On Twitter, the Finnish Food Workers’ Union called for a boycott of Kontula’s small brewery products because they are made in Estonia. The brewery wants a public explanation.
Last week, a new beer appeared in some Finnish grocery stores, the Kontulan Brewery’s Keijo lager. However, Keijo’s country of origin is not Finland, and the company’s press release mentions Estonian A. Le Coq as the beer maker.
Keijo’s country of origin was not kept secret, although it may be a little confusing for the consumer that the name of the brand clearly refers to the suburbs of East Helsinki.
– We have ownership, product development, warehousing, administration, marketing and sales as well as an office in Finland. Only production is made in Tartu at a factory where beer has been made since the 19th century. We do not cover the matter in any way, of course, on the contrary, said the merchant Matti Pesonen previously to Ilta-Sanomat.
According to him, Kontula is involved in the name of the brand, because the company itself is from there.
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However, the Finnish Food Workers’ Association SEL urges the message service on Twitter to leave Keijo beers on the store shelf.
– Leaving Keijot in the store and buying beer made in Finland, which employs brewery workers in Kerava, Lahti, Iisalmi, Laitila, Nokia and numerous small breweries around Finland, SEL tweeted, linking to a tweet according to a previous article by Ilta-Sanomat.
– We have been campaigning for domestic work and the jobs of our members for decades. We recommend everyone to buy food made in Finland that employs in Finland, SEL continues.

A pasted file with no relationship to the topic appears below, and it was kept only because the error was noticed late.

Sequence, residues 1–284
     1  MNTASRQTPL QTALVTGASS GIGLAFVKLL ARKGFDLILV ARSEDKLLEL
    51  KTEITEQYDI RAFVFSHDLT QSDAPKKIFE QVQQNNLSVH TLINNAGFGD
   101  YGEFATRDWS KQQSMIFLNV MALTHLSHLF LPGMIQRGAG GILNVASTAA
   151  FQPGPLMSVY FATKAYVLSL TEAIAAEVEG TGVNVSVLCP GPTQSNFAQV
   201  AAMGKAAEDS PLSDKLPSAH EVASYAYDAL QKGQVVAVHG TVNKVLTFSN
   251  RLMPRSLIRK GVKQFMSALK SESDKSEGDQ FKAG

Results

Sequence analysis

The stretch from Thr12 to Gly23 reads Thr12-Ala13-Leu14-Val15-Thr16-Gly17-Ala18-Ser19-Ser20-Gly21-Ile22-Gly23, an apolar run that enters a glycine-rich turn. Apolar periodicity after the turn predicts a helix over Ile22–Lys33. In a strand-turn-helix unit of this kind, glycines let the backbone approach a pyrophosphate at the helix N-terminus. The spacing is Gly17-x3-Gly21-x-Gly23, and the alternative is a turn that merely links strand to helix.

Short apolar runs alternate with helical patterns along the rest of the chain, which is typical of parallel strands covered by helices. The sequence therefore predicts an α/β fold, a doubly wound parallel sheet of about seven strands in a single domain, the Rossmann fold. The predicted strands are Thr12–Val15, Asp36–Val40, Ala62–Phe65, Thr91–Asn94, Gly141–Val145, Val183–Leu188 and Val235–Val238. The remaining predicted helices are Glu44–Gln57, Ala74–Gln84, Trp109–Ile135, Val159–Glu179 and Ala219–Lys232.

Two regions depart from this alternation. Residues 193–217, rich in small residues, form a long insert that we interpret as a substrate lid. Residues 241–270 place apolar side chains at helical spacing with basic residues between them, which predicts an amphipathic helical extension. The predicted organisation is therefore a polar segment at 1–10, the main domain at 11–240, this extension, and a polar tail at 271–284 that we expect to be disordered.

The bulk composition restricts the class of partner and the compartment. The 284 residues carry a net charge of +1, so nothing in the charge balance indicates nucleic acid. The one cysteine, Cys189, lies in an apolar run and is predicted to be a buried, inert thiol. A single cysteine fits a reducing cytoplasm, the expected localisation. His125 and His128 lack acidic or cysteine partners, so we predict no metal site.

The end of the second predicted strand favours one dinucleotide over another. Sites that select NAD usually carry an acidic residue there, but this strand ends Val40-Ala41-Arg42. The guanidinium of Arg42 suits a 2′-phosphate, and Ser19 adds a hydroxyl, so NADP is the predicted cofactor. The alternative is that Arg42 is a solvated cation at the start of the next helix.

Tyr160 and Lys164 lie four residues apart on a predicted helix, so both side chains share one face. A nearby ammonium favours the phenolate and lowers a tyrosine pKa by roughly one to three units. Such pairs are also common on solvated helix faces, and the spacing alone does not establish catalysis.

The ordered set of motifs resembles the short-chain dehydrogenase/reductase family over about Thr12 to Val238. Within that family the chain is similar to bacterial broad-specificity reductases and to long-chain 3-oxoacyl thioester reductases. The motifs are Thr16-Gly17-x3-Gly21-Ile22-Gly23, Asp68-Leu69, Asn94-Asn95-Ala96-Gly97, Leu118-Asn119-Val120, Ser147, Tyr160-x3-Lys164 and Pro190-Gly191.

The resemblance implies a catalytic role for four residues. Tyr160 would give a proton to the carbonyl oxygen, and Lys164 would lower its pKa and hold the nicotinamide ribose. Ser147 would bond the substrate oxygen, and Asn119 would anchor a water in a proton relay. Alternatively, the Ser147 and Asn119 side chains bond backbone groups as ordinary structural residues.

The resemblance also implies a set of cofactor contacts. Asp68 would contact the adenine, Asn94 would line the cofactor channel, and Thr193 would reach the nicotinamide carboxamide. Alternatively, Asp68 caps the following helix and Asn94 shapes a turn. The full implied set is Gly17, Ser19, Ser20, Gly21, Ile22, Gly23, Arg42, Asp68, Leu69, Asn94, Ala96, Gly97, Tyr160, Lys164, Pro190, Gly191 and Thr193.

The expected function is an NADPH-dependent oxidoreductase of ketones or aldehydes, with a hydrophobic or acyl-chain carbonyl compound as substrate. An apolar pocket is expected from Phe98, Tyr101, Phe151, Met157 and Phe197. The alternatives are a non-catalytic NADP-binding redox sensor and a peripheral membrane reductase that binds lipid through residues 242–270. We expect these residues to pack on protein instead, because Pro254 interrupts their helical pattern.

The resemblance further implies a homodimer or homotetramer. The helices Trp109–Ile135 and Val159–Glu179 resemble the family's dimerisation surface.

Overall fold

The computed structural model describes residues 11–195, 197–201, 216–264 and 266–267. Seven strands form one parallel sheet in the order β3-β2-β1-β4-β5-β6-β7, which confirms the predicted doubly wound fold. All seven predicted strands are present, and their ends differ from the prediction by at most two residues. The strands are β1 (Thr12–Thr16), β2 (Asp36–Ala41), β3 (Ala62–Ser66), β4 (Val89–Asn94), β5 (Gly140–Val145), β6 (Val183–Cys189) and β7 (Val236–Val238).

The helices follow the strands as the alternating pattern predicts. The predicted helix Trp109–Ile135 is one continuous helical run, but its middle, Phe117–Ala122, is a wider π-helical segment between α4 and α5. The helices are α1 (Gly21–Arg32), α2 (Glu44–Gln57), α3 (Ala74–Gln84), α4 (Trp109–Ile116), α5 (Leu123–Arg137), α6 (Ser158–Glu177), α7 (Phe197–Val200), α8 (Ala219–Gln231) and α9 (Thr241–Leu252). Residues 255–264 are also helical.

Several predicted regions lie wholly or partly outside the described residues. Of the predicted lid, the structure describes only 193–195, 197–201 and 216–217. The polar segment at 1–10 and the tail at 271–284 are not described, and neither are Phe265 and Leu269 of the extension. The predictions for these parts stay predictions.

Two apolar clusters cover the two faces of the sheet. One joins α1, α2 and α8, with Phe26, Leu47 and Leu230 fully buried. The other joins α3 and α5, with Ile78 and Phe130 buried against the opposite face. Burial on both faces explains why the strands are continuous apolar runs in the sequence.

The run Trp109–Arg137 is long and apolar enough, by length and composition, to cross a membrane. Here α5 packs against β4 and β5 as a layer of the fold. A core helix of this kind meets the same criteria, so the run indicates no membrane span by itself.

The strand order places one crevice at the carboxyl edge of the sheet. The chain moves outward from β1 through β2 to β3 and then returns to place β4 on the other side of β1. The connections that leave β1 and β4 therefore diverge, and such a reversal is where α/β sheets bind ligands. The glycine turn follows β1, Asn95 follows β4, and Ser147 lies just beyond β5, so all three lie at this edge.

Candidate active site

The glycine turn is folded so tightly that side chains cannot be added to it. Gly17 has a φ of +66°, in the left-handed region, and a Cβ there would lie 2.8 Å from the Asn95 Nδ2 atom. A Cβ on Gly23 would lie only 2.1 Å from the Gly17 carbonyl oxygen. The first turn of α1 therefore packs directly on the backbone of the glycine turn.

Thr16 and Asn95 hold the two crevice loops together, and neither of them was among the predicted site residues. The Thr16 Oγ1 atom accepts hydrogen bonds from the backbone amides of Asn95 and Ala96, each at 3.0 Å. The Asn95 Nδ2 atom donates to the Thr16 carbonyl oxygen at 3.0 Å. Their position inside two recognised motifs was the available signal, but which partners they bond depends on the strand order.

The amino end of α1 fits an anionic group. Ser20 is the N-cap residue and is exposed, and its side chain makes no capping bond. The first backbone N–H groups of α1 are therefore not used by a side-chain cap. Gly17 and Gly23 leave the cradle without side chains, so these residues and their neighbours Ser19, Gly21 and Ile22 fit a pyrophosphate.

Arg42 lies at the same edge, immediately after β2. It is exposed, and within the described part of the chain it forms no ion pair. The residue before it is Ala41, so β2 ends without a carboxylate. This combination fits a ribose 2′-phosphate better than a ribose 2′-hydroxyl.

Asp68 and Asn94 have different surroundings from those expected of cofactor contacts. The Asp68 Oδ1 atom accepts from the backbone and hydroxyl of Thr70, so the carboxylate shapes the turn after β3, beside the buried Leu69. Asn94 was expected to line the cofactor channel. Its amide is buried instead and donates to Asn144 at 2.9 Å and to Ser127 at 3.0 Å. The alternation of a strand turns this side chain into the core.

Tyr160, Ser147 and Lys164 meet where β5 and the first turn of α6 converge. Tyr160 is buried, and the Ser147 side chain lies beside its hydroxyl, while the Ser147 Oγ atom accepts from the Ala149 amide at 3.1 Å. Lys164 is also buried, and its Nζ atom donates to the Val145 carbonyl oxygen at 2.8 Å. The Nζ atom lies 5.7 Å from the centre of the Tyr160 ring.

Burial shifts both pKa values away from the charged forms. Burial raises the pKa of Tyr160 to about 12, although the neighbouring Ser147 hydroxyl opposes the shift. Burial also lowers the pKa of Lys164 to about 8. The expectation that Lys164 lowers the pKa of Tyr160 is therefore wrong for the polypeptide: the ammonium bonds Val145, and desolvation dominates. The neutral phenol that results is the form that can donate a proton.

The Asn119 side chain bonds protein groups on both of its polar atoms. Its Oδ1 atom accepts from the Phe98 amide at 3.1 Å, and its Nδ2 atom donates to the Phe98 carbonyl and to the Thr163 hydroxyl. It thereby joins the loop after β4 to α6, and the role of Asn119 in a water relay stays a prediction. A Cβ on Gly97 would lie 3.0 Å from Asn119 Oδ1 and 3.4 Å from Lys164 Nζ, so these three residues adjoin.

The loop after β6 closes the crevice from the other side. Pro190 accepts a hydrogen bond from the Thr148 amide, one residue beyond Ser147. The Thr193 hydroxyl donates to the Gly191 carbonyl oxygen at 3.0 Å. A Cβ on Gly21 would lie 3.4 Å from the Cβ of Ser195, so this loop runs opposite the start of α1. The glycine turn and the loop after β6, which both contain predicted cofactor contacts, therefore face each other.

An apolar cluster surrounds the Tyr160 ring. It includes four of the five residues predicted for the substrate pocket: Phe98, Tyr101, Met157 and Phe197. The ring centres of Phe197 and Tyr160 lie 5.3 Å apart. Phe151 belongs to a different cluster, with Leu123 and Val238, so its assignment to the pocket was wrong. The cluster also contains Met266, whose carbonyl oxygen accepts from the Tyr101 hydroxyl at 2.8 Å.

– We defend Finnish work and the jobs of our members. In the same way, we have previously highlighted Fazer’s Runeberg tarts made in Latvia or the Sisu lozenges currently made in Italy. Of course, each consumer makes their own purchasing decisions.
SEL’s Tweets infuriated Kontula Brewery.
– Kontula Brewery is in the start up phase. We founded our company with Finnish forces in the summer of 2020, which means that we are at the beginning of our operations. So far, we have only invested in the company for more than six months, paid more than € 100,000 to our tax guarantee account, our brewing partner in Tartu, ordered various types of subcontracting services from Finland, paid commission costs for work, stored our products in Vantaa and furnished and rented our company’s head office. A lot of money has gone from us six owners as individuals to get the company up and running. We have that famous entrepreneurial risk to the fullest, merchant Matti Pesonen in the company’s press release.
According to Pesonen, clear grounds should be found in SEL’s boycott principles. He feels the organization has attacked the business of Kontula Brewery.
– I don’t remember seeing a boycott of beer products of completely foreign origin and what is your relationship with our foreign-owned breweries ?, Pesonen wonders in the press release.
Pesonen states that SEL has not been in contact with them other than through a published tweet. He is now demanding a public explanation for the painting of the Kontula Brewery.
– Does SEL have a habit of attacking individual companies? Hopefully SEL will have a list of all the companies they say should be boycotted, because otherwise this is arbitrary. Could SEL publish its boycott principle? Now it can’t be found anywhere, Pesonen is in pain.
Source site www.is.fi